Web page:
McDaniel and the front office are putting Tagovailoa in a position to take the proverbial leap this year. If he doesn’t, then at least the Dolphins will know they tried and can move on from him after the season — and they’ll also have Teddy Bridgewater ready to take over as the starter in 2022 if need be.
The team that isn’t escalating the AFC West arms race: Kansas City Chiefs
Midway through the 2021 season, the Chiefs’ stranglehold on the AFC West looked to be in jeopardy. By Week 16, they had secured their sixth straight division title.
In response, the other AFC West teams went all out when free agency began. The Broncos traded for Russell Wilson — a move that would normally be the biggest news of the entire offseason — and shored up their defensive line with D.J. Jones and Randy Gregory. Vegas sent a first- and second-round pick to the Packers to acquire No. 1 receiver and lifelong Raiders fan Davante Adams. They also traded for cornerback Rock Ya-Sin and signed free agent pass rusher Chandler Jones to pair with Maxx Crosby. The Chargers quickly addressed a few roster holes by adding the likes of Khalil Mack and Sebastian Joseph-Day to the defensive line, as well as lockdown corner J.C. Jackson to the secondary.
Meanwhile, the Chiefs traded Mahomes’ No. 1 — and fastest — target, Tyreek Hill, and brought on JuJu Smith-Schuster and Marquez Valdes-Scantling, two perfectly fine receivers who aren’t exact replacements for what Hill can do. On defense, they elected not to bring back the versatile Tyrann Mathieu and signed safety Justin Reid, another perfectly fine player who isn’t an exact replacement.
Perhaps trading Hill was the right move for the Chiefs in the long run. KC now has more salary cap room and 12 draft picks this year, including two each in the first, second, and third rounds. But the offense, even with Mahomes still around and the adaptable Andy Reid running the show, will likely go through an adjustment period. It’s too soon to count them out on a seventh consecutive division championship, but with the other three teams loading up on weapons, the Chiefs are more vulnerable than they’ve been in a while.
The team that is unexpectedly running it back: Tampa Bay Buccaneers
Last month, the Bucs’ immediate future looked pretty dicey:
Then, as you might have heard, Tom Brady unretired. Since then, they signed four starters and would-be free agents to multi-year extensions: receiver Chris Godwin, running back Leonard Fournette, center Ryan Jensen, and cornerback Carlton Davis. Gronk could be next, though for now he remains undecided.
The core of the team, and its coaching staff, is intact — the one that won the Super Bowl two years ago and gave this year’s eventual Super Bowl champs a scare. But Tampa still looked for outside help to fix a couple of weaknesses. The Buccaneers signed underrated receiver Russell Gage, veteran safety Logan Ryan, and traded for Ali Marpet’s replacement after the guard retired, giving us the coolest bit of trivia this offseason:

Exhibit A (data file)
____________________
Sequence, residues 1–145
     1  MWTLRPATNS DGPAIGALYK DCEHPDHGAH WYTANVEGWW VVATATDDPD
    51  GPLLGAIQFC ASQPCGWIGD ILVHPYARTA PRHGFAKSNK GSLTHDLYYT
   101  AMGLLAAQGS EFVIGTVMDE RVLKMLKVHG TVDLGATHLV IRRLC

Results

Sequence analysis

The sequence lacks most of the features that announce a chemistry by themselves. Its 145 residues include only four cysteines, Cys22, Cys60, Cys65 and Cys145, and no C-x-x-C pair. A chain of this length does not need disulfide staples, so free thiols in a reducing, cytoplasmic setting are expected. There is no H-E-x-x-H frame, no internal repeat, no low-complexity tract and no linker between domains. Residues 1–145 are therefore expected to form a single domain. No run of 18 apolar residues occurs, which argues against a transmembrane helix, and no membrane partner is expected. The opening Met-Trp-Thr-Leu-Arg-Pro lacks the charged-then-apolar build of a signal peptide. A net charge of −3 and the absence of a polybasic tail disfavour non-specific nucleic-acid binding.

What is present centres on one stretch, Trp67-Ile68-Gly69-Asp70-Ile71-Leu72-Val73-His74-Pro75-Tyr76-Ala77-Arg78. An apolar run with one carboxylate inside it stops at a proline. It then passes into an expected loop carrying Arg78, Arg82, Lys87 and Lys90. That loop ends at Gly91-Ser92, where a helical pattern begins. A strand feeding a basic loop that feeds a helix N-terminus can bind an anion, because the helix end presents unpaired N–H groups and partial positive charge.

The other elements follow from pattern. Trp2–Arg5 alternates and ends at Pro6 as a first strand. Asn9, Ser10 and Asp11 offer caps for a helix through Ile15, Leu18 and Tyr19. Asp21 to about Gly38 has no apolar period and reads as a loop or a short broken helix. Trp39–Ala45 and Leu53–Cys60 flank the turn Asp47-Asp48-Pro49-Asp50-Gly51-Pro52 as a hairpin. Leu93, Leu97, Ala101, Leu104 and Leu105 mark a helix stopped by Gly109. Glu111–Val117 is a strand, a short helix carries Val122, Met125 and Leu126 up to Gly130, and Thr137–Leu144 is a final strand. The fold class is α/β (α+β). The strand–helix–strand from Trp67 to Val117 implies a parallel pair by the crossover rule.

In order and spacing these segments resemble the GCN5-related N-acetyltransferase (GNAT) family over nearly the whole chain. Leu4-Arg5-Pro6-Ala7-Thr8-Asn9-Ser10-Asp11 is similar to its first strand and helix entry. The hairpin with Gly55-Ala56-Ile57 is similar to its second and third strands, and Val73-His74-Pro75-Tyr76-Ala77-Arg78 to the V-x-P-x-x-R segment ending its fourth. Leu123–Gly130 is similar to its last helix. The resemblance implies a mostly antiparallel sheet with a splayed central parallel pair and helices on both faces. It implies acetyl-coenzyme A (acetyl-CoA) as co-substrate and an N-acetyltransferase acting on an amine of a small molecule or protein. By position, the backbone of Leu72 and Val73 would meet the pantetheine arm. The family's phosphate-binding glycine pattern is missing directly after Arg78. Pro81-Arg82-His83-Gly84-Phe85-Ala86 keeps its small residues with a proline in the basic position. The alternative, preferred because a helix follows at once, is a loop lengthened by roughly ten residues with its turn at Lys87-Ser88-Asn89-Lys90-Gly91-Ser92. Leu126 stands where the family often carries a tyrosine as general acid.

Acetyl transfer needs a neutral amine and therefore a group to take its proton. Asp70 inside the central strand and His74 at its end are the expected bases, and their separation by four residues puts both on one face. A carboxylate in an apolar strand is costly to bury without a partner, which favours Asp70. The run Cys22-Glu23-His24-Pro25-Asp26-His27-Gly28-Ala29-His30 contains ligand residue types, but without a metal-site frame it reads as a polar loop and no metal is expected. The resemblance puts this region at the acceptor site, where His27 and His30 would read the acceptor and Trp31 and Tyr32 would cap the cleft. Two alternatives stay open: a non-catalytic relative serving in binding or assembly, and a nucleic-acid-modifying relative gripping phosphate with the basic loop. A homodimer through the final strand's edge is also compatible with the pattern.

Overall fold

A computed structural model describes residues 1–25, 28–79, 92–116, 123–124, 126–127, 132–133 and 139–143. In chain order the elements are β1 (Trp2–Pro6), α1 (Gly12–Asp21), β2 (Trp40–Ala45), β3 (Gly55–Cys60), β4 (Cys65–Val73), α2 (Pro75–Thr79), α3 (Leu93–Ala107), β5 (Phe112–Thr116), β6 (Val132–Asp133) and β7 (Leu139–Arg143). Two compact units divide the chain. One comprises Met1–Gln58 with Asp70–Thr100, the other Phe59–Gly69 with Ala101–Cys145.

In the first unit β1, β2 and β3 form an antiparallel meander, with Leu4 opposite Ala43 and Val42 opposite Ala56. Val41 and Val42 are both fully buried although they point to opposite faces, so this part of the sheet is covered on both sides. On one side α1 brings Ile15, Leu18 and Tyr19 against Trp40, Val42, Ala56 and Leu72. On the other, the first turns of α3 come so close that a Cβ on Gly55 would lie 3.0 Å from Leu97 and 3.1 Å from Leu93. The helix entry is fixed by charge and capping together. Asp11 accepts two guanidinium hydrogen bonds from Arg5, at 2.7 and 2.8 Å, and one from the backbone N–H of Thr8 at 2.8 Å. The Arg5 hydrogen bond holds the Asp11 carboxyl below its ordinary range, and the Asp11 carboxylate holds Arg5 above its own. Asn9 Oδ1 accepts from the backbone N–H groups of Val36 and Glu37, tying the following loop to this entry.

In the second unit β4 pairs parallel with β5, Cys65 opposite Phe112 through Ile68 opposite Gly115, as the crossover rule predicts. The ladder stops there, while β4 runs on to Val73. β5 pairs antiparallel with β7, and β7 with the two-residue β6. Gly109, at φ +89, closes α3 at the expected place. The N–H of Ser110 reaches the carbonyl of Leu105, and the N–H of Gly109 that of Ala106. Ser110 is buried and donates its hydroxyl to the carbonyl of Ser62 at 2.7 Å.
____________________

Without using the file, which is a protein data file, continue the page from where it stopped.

The Bucs are already an easy favorite to repeat as NFC South champs. And as we helplessly watch Coach K take Duke to the Final Four (and perhaps beyond) in his final season, it’s a reminder that we might as well start mentally preparing ourselves for another Brady Super Bowl run.
The team that was rewarded for its patience: Indianapolis Colts
A few weeks ago, the Colts made the smart decision to send Carson Wentz packing, even though they didn’t have an answer yet on how to replace him. At the time, their best options looked to be Jimmy Garoppolo, Marcus Mariota, or Mitchell Trubisky. All perhaps better than Wentz, but yeah, not the most inspiring list.
Then the always solid Matt Ryan fell into their laps. And it only cost the Colts a third-round pick — which they received from the Commanders in the Wentz deal — and the Falcons are eating Ryan’s $40 million dead cap hit. Ryan is almost 37 and might not be in his MVP form anymore, but he’s still got a good arm and is much steadier under pressure than Wentz; Ryan led four game-winning drives last season with the Falcons compared to zero for Wentz.
In some ways, Ryan should give the Colts what Philip Rivers did two years ago: a strong leader who won’t actively lose games, surrounded by the kind of homegrown talent on offense and defense that can get Indy back to the playoffs.
The Colts need to add a few more pieces to help Ryan out, and they may not be Super Bowl ready even with him in the fold, but this team should be able to win more games than with Wentz and make it to the postseason. And maybe even beat the Jaguars in Jacksonville!
The team that is Falconing it up: Atlanta Falcons
Let’s see. The Falcons took a massive swing for Deshaun Watson and missed, and by doing so they alienated their longtime quarterback — someone they should feel indebted to for what he’s done for their franchise:
And maybe the Falcons do. Maybe that’s why they only received a third-round pick for their record holder in all major passing categories and the guy who got them closer to a Super Bowl win than anyone else ever has. It’s still a crappy way to treat your high-character quarterback of 14 years.
Marcus Mariota was brought in to take over for Ryan and act as a bridge QB. Mariota’s reunion with Arthur Smith might even make the Falcons a little more competent than anyone expects, if Mariota can actually stay healthy. But Atlanta is taking on $62 million in dead cap for four players who aren’t even on the roster, which isn’t promising news for this year but will at least free up a ton of space in the future. So it’d be wise not to expect much from the Falcons in 2022 (or ever, if we’re being honest).